– Carl Meadows, senior product manager of Cloud Services at The Planet (www.theplanet.com), says:
Enterprises looking for high-performance storage should look elsewhere: The cloud isn’t it. In order to achieve high-performance, the storage platform must be well connected to the compute resources accessing it. With the Internet acting as a bottleneck between the compute resource and the storage, high performance becomes impossible due to both bandwidth and latency constraints.
The only exception to this is if your compute resources are well connected to the cloud storage infrastructure. For example, The Planet’s Storage Cloud platform is located in our Dallas data center, which customers can access without going through the Internet. The platform is only limited by the 100Mbps or 1Gbps uplink of their hosted server.
Assuming bandwidth is not an issue, there’s still the issue of latency. Most enterprise-class storage platforms are targeting 1 to 5ms latency, while most cloud storage platforms would do well to deliver 30ms, which is still largely dependent on your proximity to the cloud storage provider.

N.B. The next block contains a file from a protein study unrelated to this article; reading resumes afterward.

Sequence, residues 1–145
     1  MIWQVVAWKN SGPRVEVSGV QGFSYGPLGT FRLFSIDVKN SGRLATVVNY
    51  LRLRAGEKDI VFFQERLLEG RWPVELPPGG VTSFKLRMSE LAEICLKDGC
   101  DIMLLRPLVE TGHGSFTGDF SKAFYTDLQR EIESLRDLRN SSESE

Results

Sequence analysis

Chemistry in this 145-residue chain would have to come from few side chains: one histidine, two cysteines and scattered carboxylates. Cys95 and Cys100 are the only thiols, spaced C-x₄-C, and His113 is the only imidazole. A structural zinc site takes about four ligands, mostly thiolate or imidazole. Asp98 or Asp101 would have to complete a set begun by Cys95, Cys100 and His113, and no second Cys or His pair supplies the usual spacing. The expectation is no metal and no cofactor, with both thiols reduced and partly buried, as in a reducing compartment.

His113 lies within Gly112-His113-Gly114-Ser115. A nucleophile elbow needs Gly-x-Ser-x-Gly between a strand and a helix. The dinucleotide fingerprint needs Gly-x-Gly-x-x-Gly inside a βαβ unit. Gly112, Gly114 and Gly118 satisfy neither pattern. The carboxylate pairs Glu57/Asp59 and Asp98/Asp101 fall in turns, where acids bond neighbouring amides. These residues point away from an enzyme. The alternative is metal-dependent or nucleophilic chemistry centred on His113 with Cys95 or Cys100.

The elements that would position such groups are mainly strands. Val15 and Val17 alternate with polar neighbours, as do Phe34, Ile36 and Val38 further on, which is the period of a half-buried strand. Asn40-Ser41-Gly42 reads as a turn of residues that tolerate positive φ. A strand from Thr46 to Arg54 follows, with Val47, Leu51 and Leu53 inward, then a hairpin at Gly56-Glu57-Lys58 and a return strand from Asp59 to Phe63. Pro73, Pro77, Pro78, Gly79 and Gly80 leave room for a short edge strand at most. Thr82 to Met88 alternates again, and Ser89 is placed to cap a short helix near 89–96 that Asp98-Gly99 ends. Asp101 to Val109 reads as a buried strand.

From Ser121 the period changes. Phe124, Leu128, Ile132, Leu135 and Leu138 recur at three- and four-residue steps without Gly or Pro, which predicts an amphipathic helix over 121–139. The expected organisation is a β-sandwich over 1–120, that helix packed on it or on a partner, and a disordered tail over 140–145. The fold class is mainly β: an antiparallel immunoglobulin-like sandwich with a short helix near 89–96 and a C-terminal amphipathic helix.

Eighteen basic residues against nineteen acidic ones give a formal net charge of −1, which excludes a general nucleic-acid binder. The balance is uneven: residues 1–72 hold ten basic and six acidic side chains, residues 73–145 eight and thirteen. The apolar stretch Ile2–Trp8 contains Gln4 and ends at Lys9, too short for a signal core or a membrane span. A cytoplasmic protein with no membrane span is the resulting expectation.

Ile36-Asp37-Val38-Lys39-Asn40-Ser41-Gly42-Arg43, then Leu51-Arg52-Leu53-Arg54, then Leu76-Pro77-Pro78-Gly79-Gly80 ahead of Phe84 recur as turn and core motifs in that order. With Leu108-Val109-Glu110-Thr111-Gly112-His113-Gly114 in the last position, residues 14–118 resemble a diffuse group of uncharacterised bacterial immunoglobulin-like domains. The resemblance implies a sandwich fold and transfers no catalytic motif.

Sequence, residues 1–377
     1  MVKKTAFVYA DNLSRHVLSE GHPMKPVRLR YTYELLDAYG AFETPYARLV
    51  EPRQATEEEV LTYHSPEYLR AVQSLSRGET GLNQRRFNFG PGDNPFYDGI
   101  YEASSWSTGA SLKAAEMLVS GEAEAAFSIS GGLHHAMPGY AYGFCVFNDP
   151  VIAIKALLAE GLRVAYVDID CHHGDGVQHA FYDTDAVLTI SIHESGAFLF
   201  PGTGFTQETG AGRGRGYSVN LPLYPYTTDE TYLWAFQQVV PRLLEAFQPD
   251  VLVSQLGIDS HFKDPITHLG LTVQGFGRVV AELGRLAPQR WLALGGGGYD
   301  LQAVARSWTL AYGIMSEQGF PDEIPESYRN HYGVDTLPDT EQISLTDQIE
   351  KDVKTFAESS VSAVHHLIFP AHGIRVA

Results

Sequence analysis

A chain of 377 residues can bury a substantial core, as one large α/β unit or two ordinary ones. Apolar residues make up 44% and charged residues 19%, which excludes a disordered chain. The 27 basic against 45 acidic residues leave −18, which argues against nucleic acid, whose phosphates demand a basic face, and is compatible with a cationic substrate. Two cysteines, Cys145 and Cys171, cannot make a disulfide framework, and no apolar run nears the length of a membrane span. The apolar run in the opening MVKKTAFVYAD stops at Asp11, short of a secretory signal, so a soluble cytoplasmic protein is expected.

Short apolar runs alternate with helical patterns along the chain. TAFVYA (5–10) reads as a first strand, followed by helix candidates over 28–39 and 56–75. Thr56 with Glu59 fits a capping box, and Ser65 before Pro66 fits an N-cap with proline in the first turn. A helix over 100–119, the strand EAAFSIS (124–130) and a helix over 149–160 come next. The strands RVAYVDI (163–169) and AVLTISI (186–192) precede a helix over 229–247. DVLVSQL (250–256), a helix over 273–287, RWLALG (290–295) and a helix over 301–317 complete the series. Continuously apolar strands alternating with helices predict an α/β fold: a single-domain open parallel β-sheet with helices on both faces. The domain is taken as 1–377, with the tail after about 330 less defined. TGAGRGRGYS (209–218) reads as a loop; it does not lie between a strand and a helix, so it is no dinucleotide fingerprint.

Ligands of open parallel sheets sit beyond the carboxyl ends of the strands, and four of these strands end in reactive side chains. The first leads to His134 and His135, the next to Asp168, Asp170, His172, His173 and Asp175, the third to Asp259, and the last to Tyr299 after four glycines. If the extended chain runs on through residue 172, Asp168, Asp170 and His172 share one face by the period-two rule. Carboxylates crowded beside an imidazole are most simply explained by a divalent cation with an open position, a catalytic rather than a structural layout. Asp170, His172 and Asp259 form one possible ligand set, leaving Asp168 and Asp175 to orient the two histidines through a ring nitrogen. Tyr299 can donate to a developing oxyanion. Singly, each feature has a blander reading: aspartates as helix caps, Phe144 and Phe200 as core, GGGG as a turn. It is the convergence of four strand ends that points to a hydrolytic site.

In general, the best solution to address payloads that truly require high-performance storage is still placing a DAS, SAN or NAS storage array next to your server(s). In these instances, compute capacity is directly connected, which yields more reliable results.
Will Cloud Storage 2.0 eliminate storage silos with a single, multipurpose platform? The multipurpose utility of the cloud hasn’t yet been proven. Although cloud technologies scale seamlessly, they do not currently offer choice of file systems or performance profiles that would be required for application optimization. In addition, because most cloud storage is accessed over the Internet, performance is limited.
Cloud Storage 2.0 will offer enterprises access to scalable storage without the expense of a large-scale dedicated platform. However, all these benefits are currently available to SMB and SME customers with Cloud Storage 1.0.